Monday, November 10, 2008

Moon blindness, or equine recurrent uveitis (ERU)

Moon blindness has been around a long time. In fact it may be one of the earliest veterinary diseases ever documented. In historical accounts of moon blindness, the disease flareups were thought to be tied to phases of the moon. Over the years, this disease has gone by several names, including periodic opthalmia. The name in vogue right now is equine recurrent uveitis (ERU). ERU is a chronic, painful, eye disease and is the most common cause of blindness in horses. ERU is incurable but early diagnosis and treatment can improve the long term prognosis. Symptoms of ERU vary, but usually inflammation is involved. After the initial occurrence of eye problems, problems recur both eyes repeatedly. With each occurrence, damage to the eye worsens. The prevalence of ERU is around 8% according to a 1992 article in Veterinary Clinics of North America: Equine Practice; 1992). Appaloosas are more likely than other breeds to develop ERU and 4 times more likely to become blind as a result of the ERU.

The first signs of ERU include inflammation in one or both eyes, corneal edema (causing a blue-white color to the cornea), red blood vessels in the corners of the eye, corneal ulcers, eye squinting, blinking, tripping, sensitivity to light/head shaking, runny nose, white spots on the eye, or bleeding in the eye. The eyes of the horse may constrict in darkness rather than dilate.

What causes ERU?
ERU has been a tough nut to crack. In the "days of yore" horsemen astutely noted that ERU was more prevalent in swampy areas and farms with poor drainage. Just a few few decades ago experts believed that ERU was caused by lack of riboflavin in the horse's diet. In relatively recent articles in The Horse magazine, I learned that ERU is thought to arise when an abnormal autoimmune response is triggered and the body attacks the eye and its internal structures. What precipitates this response? The most common indirect cause of ERU is infection with Leptospira, a spiral-shaped bacteria, or spirochetes, that can be found in areas with stagnant water. Other indirect causes can include other kinds of bacteria, parasites, viruses, or trauma. The working hypothesis is that horses contract an infection or sustain trauma, mount an immune-response, and fail to appropriately terminate that response. I read and re-read this article from The Horse magazine which provides detail on the immune process that triggers ERU. It made my eyes cross, but if you are interested in exactly how the immune system gets out of whack, that's the article to read.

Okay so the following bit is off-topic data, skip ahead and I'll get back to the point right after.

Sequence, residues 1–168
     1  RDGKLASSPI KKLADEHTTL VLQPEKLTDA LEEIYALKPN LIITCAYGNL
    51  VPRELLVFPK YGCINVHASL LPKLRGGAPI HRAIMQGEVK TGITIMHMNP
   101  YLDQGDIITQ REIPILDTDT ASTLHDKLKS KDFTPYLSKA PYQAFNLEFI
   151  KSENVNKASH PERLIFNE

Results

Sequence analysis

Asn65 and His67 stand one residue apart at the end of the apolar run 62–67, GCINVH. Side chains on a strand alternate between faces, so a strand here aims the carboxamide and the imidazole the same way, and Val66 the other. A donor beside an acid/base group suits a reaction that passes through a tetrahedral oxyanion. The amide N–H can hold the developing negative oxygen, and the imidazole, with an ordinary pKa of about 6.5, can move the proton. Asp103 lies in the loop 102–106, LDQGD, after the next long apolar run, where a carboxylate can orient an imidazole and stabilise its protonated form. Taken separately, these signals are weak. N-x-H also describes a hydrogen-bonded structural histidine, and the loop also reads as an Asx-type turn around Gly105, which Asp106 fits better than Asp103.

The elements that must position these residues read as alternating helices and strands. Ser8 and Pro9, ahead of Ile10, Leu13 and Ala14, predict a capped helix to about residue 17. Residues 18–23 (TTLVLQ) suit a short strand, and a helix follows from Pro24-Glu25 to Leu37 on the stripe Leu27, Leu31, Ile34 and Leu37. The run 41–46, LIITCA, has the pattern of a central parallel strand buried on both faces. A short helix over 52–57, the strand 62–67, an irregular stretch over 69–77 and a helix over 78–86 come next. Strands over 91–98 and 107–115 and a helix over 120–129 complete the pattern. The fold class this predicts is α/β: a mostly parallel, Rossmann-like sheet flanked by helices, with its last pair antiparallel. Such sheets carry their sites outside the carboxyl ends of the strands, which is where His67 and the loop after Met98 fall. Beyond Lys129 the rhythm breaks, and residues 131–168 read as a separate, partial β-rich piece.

If the horse is experiencing painful eye spasms, atropine will be prescribed to relax/dilate the eye. However, atropine can affect gut motility and increase the risk of colic. If bacterial infection is present, antibiotics will may be used, while steroidsmay be used to control inflammation. Medication is usually applied topically, as much as 4-6 times a day. Bute, aspirin, or banamine can reduce inflammation. Banamine, a non-steroidal anti-inflammatory drug (NSAID), analgesic, and antipyretic may be the single most effective treatment of acute anterior uveitis in horses.

One new development in treatment is a delivery device that is surgically implanted in the eye. The implant releases cyclosporine A, an immunosuppressant, to "turn off" the cells that cause the inflammation in ERU. These implants can last five years.

Take home message
Now you've had an earful on ERU, rest assured that there is far more to the story than I can impart. But there is a take home message, embedded in a story. A few months after I bought Harv, way back in 1997, his eye got weepy and was partially closed. It didn't look that serious, just uncomfortable. Another boarder bullied me into calling a vet, saying "no eye injury is minor, and it could be serious." In this case, Harv recovered without incident, but I know now that eye problems are not to be fooled with. If you notice anything unusual about your horse's behavior (related to vision) or his/her eye, CALL THE VET. Any infection or inflammation can damage vision, and if god forbid there is a disease process, you can treat it early.


From The Horse Magazine
Leptospira Not an Important Factor in Recurrent Uveitis, Researchers Say

Understanding Equine Recurrent Uveitis (ERU)

Spotlight on Moon Blindness from Thoroughbred Times, Sept. 1998

Merck Veterinary Manual on ERU

Blind Appaloosas Web site

Equine Recurrent Uveitis: Information for Horse Owners

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